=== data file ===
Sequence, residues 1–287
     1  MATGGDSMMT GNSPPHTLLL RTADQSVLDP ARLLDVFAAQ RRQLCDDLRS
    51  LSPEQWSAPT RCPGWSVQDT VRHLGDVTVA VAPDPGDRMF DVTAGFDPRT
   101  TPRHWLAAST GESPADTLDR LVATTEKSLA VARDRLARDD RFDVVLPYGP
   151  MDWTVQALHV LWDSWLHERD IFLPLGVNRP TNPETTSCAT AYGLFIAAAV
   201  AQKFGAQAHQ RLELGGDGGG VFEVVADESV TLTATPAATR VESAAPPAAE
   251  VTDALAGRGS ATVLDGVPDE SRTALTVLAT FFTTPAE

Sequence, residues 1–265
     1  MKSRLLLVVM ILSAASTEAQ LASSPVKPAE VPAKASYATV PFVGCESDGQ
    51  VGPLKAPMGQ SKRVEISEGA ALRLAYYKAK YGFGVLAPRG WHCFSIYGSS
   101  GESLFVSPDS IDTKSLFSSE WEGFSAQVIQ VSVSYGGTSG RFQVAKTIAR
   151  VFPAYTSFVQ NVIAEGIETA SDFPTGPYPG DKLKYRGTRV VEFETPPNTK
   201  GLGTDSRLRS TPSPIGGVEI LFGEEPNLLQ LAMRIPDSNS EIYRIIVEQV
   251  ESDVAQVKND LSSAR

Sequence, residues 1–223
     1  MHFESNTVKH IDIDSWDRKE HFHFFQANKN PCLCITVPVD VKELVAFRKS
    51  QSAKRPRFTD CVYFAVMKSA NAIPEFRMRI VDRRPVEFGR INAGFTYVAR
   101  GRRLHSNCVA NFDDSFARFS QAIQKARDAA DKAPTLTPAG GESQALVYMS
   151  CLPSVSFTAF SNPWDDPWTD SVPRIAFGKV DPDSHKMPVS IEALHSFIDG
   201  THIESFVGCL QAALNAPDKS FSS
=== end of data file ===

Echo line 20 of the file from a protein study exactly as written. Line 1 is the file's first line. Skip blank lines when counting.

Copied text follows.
   201  THIESFVGCL QAALNAPDKS FSS